26
ISBN 0-321-19362-8 Chapter 4 Lexical and Syntax Analysis •The Parsing Problem •Recursive-Descent Parsing

ISBN 0-321-19362-8 Chapter 4 Lexical and Syntax Analysis The Parsing Problem Recursive-Descent Parsing

  • View
    257

  • Download
    3

Embed Size (px)

Citation preview

Page 1: ISBN 0-321-19362-8 Chapter 4 Lexical and Syntax Analysis The Parsing Problem Recursive-Descent Parsing

ISBN 0-321-19362-8

Chapter 4

Lexical and Syntax Analysis

•The Parsing Problem•Recursive-Descent Parsing

Page 2: ISBN 0-321-19362-8 Chapter 4 Lexical and Syntax Analysis The Parsing Problem Recursive-Descent Parsing

Copyright © 2004 Pearson Addison-Wesley. All rights reserved. 4-2

Introduction

• Reasons to separate lexical and syntax analysis:– Simplicity - less complex approaches can be used

for lexical analysis; separating them simplifies the parser

– Efficiency - separation allows optimization of the lexical analyzer

– Portability - parts of the lexical analyzer may not be portable, but the parser always is portable

Page 3: ISBN 0-321-19362-8 Chapter 4 Lexical and Syntax Analysis The Parsing Problem Recursive-Descent Parsing

Copyright © 2004 Pearson Addison-Wesley. All rights reserved. 4-3

The Parsing Problem

• Goals of the parser, given an input program:– Find all syntax errors; for each, produce an

appropriate diagnostic message, and recover quickly

– Produce the parse tree, or at least a trace of the parse tree for the program

Page 4: ISBN 0-321-19362-8 Chapter 4 Lexical and Syntax Analysis The Parsing Problem Recursive-Descent Parsing

Copyright © 2004 Pearson Addison-Wesley. All rights reserved. 4-4

The Parsing Problem

• Two categories of parsers– Top down - produce the parse tree, beginning at

the root• Order is that of a leftmost derivation

– Bottom up - produce the parse tree, beginning at the leaves

• Order is that of the reverse of a rightmost derivation

• Parsers look only one token ahead in the input

Page 5: ISBN 0-321-19362-8 Chapter 4 Lexical and Syntax Analysis The Parsing Problem Recursive-Descent Parsing

Copyright © 2004 Pearson Addison-Wesley. All rights reserved. 4-5

The Parsing Problem

• Top-down Parsers– Given a sentential form, xA , the parser must

choose the correct A-rule to get the next sentential form in the leftmost derivation, using only the first token produced by A

• The most common top-down parsing algorithms:– Recursive descent - a coded implementation

– LL parsers - table driven implementation

Page 6: ISBN 0-321-19362-8 Chapter 4 Lexical and Syntax Analysis The Parsing Problem Recursive-Descent Parsing

Copyright © 2004 Pearson Addison-Wesley. All rights reserved. 4-6

The Parsing Problem

• Bottom-up parsers– Given a right sentential form, , determine what

substring of is the right-hand side of the rule in the grammar that must be reduced to produce the previous sentential form in the right derivation

– The most common bottom-up parsing algorithms are in the LR family

Page 7: ISBN 0-321-19362-8 Chapter 4 Lexical and Syntax Analysis The Parsing Problem Recursive-Descent Parsing

Copyright © 2004 Pearson Addison-Wesley. All rights reserved. 4-7

The Parsing Problem

• The Complexity of Parsing– Parsers that work for any unambiguous grammar

are complex and inefficient ( O(n3), where n is the length of the input )

– Compilers use parsers that only work for a subset of all unambiguous grammars, but do it in linear time ( O(n), where n is the length of the input )

Page 8: ISBN 0-321-19362-8 Chapter 4 Lexical and Syntax Analysis The Parsing Problem Recursive-Descent Parsing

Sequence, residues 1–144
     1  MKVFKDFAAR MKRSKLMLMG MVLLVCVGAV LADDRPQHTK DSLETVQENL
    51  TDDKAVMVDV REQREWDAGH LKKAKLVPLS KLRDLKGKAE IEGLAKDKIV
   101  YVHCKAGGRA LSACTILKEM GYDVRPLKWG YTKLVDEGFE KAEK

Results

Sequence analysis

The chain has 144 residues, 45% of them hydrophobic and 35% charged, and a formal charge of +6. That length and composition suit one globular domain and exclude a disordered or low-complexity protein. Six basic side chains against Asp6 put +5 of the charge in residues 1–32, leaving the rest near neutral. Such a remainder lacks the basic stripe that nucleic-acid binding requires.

Copyright © 2004 Pearson Addison-Wesley. All rights reserved. 4-8

Recursive-Descent Parsing

• Recursive Descent Process– There is a subprogram for each nonterminal in the

grammar, which can parse sentences that can be generated by that nonterminal

– EBNF is ideally suited for being the basis for a recursive-descent parser, because EBNF minimizes the number of nonterminals

Page 9: ISBN 0-321-19362-8 Chapter 4 Lexical and Syntax Analysis The Parsing Problem Recursive-Descent Parsing

Copyright © 2004 Pearson Addison-Wesley. All rights reserved. 4-9

Recursive-Descent Parsing

• A grammar for simple expressions:

<expr> <term> {(+ | -) <term>}<term> <factor> {(* | /) <factor>}<factor> id | ( <expr> )

Page 10: ISBN 0-321-19362-8 Chapter 4 Lexical and Syntax Analysis The Parsing Problem Recursive-Descent Parsing

Copyright © 2004 Pearson Addison-Wesley. All rights reserved. 4-10

Recursive-Descent Parsing

• Assume we have a lexical analyzer named lex, which puts the next token code in nextToken

• The coding process when there is only one RHS:– For each terminal symbol in the RHS, compare it

with the next input token; if they match, continue, else there is an error

– For each nonterminal symbol in the RHS, call its associated parsing subprogram

Page 11: ISBN 0-321-19362-8 Chapter 4 Lexical and Syntax Analysis The Parsing Problem Recursive-Descent Parsing

Copyright © 2004 Pearson Addison-Wesley. All rights reserved. 4-11

Recursive-Descent Parsing

/* Function expr Parses strings in the language generated by the rule: <expr> → <term> {(+ | -) <term>} */

void expr() {

/* Parse the first term */   term(); …

Page 12: ISBN 0-321-19362-8 Chapter 4 Lexical and Syntax Analysis The Parsing Problem Recursive-Descent Parsing

Copyright © 2004 Pearson Addison-Wesley. All rights reserved. 4-12

Recursive-Descent Parsing

/* As long as the next token is + or -, call lex to get the next token, and parse the next term */   while (nextToken == PLUS_CODE || nextToken == MINUS_CODE){    lex();    term();   }}

• This particular routine does not detect errors• Convention: Every parsing routine leaves the next

token in nextToken

Page 13: ISBN 0-321-19362-8 Chapter 4 Lexical and Syntax Analysis The Parsing Problem Recursive-Descent Parsing

Copyright © 2004 Pearson Addison-Wesley. All rights reserved. 4-13

Recursive-Descent Parsing

• A nonterminal that has more than one RHS requires an initial process to determine which RHS it is to parse– The correct RHS is chosen on the basis of the next

token of input (the lookahead)

– The next token is compared with the first token that can be generated by each RHS until a match is found

– If no match is found, it is a syntax error